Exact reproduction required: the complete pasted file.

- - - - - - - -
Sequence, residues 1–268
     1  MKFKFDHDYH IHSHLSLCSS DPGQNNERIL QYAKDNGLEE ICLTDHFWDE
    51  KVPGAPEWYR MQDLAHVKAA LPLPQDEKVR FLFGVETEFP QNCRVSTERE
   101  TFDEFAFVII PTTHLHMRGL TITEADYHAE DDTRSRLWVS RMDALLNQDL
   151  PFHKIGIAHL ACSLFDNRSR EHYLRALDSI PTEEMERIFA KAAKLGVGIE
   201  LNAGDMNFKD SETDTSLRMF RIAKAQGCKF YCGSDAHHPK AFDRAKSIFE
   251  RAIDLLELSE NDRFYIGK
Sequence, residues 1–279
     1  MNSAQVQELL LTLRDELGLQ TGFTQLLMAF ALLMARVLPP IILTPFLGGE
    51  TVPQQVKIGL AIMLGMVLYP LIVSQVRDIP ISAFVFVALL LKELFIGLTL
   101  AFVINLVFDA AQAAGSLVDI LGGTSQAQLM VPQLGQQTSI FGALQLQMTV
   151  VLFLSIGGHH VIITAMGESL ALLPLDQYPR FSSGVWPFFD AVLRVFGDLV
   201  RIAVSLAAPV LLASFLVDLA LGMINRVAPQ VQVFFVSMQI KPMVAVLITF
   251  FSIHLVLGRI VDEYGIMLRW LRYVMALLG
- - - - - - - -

Sequence, residues 1–268
     1  MKFKFDHDYH IHSHLSLCSS DPGQNNERIL QYAKDNGLEE ICLTDHFWDE
    51  KVPGAPEWYR MQDLAHVKAA LPLPQDEKVR FLFGVETEFP QNCRVSTERE
   101  TFDEFAFVII PTTHLHMRGL TITEADYHAE DDTRSRLWVS RMDALLNQDL
   151  PFHKIGIAHL ACSLFDNRSR EHYLRALDSI PTEEMERIFA KAAKLGVGIE
   201  LNAGDMNFKD SETDTSLRMF RIAKAQGCKF YCGSDAHHPK AFDRAKSIFE
   251  RAIDLLELSE NDRFYIGK
Sequence, residues 1–279
     1  MNSAQVQELL LTLRDELGLQ TGFTQLLMAF ALLMARVLPP IILTPFLGGE
    51  TVPQQVKIGL AIMLGMVLYP LIVSQVRDIP ISAFVFVALL LKELFIGLTL
   101  AFVINLVFDA AQAAGSLVDI LGGTSQAQLM VPQLGQQTSI FGALQLQMTV
   151  VLFLSIGGHH VIITAMGESL ALLPLDQYPR FSSGVWPFFD AVLRVFGDLV
   201  RIAVSLAAPV LLASFLVDLA LGMINRVAPQ VQVFFVSMQI KPMVAVLITF
   251  FSIHLVLGRI VDEYGIMLRW LRYVMALLG